by Marta Castillo, Leadership Minister of Intercultural Formation
All the nations you have made will come and worship before you, Lord; they will bring glory to your name. Psalm 86:9
At our annual assembly we worshipped the Lord in song in several different languages and styles. I wonder if anyone whispered to the person beside them like someone whispered behind me many years ago, “Why do we have to sing in these different languages? Why can’t we just sing in English?” I wonder if those at the assembly worship felt comfortable and engaged in the worship songs. Were they able to enter into the intercultural space of worshipping God in ways and styles and languages that were not their own? Did it fill them with joy to worship the Lord and bring glory to God’s name with other nations that God has made, even if it was different than what they were used to?
In an intercultural community, all are transformed because everyone learns from one another and grows together. In intercultural worship, we learn to choose to continue to worship God in the styles and languages of others. For me, what began as a discipline and continues to be a choice is now also a joy as I have incorporated intercultural worship as part of who I am with the help of the Holy Spirit. John 4:23 – Yet a time is coming and has now come when the true worshipers will worship the Father in the Spirit and in truth, for they are the kind of worshipers the Father seeks.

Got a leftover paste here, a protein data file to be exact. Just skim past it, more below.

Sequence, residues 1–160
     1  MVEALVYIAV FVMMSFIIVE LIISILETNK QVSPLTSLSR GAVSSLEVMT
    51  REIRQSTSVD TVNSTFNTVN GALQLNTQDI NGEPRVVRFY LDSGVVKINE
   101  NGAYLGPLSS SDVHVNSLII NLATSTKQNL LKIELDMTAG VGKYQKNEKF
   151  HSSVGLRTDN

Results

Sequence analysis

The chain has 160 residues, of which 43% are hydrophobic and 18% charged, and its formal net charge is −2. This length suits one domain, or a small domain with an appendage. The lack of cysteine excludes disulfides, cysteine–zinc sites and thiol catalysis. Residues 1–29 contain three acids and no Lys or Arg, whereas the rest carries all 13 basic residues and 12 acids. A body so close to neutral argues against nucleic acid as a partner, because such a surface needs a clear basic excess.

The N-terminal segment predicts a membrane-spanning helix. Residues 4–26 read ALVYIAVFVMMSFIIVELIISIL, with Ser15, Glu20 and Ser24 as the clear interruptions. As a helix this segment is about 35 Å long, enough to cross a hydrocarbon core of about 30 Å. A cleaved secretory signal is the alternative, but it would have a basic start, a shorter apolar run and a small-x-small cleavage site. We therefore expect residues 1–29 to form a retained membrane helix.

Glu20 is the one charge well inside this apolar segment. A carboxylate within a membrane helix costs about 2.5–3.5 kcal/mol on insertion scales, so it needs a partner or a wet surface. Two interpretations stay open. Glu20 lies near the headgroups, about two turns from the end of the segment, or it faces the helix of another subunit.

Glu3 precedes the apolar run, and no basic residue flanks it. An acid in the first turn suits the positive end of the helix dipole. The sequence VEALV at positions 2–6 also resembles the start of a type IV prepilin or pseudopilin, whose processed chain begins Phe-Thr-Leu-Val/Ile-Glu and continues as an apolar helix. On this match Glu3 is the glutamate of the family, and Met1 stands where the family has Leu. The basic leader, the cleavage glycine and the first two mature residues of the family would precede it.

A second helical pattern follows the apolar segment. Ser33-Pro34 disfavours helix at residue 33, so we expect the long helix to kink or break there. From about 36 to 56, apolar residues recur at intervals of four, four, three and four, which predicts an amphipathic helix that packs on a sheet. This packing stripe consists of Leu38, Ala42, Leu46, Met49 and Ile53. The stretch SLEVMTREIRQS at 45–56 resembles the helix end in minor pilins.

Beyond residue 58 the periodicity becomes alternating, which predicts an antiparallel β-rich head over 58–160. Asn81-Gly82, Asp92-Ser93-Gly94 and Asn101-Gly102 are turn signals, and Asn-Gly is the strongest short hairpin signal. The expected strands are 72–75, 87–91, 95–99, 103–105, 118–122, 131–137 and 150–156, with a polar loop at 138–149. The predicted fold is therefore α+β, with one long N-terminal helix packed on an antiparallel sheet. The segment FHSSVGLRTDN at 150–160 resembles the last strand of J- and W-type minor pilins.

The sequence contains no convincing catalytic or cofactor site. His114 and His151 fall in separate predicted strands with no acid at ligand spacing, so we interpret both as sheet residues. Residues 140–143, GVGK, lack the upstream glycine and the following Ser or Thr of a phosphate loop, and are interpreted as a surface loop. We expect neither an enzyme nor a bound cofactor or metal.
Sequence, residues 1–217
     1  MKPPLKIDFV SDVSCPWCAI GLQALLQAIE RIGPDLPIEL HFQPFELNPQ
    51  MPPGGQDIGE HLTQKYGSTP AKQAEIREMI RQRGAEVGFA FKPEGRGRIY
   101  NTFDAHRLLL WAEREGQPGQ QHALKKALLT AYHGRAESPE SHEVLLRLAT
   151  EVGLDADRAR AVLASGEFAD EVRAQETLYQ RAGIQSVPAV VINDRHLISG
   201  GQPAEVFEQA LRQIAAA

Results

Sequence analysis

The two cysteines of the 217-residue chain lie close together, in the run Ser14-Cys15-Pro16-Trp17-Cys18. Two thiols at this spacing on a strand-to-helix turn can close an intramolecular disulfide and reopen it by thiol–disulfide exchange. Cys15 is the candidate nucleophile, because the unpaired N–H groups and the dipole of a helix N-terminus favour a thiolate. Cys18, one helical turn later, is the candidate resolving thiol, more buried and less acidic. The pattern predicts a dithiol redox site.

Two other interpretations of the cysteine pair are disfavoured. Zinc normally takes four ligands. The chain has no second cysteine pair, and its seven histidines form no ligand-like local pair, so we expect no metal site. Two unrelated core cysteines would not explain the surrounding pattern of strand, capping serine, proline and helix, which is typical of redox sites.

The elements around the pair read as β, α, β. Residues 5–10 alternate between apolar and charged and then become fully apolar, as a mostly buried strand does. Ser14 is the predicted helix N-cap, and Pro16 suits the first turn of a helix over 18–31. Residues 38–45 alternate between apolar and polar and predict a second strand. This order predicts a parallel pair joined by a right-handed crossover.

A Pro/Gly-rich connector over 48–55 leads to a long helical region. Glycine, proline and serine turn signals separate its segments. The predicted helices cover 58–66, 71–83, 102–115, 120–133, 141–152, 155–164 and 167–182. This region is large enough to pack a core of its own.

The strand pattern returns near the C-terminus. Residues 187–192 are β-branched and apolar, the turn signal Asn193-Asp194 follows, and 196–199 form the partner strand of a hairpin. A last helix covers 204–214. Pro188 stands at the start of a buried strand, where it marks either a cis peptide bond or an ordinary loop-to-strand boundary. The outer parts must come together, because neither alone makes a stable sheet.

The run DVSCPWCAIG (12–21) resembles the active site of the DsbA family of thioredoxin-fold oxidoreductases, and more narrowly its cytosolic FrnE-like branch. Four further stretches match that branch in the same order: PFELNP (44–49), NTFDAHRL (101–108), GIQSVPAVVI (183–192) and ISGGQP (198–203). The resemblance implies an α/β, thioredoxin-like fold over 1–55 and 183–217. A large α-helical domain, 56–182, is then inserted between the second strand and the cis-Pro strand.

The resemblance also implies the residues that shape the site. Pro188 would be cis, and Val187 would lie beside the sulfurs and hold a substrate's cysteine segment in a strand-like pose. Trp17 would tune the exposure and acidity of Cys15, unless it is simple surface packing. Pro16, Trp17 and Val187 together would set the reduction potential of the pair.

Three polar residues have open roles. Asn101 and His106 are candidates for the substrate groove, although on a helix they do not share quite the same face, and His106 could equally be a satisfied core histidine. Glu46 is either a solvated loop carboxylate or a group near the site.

Several weeks ago, I attended a service at Nations Worship Center where we sang songs that had repeating lines. I appreciated the repetition while singing in a language in which I am not fluent. The repetition helped me to better understand the song and enter deeply into the spirit of worship. However, I must admit that I have not always appreciated songs with a lot of repetition. What I have learned to do is to go with the repetition rather than fight it. I can worship God in song as I repeat the same phrase over and over and meditate on the truth, just like I can pray or meditate on a phrase of Scripture.
Last weekend I attended a women’s retreat where we had a hymn sing. We sang hymn after hymn in a group of talented and passionate singers. It was beautiful. I was struck by the multitude of beautiful thoughts and word pictures that hymns contain and express in worship to God. But I had to choose to engage my mind and process the thoughts in worship to God as I sang complex music. I enjoyed the repetition of the choruses.
Matthew Westerholm, on the Desiring God website, suggests that often “our discomfort also comes from where we live, if you live in the Western world. Western culture treasures the novelty of words. It might feel like singing many words per minute is a worldwide Christian preference. But it’s not. It’s a Western oddity. If you were to listen to indigenous music from almost anywhere else in the world, you might describe it as “rhythmic, danceable, and repetitive. It may feel strange to discover that our personal preferences are a cultural anomaly. It is humbling to discover that we have something to learn from others, but not surprising. And it is the sort of humbling that, if we are willing to accept it, will bless us greatly in worship.”
Let us worship the Lord in unity, seeking to honor the worship of the nations as our own!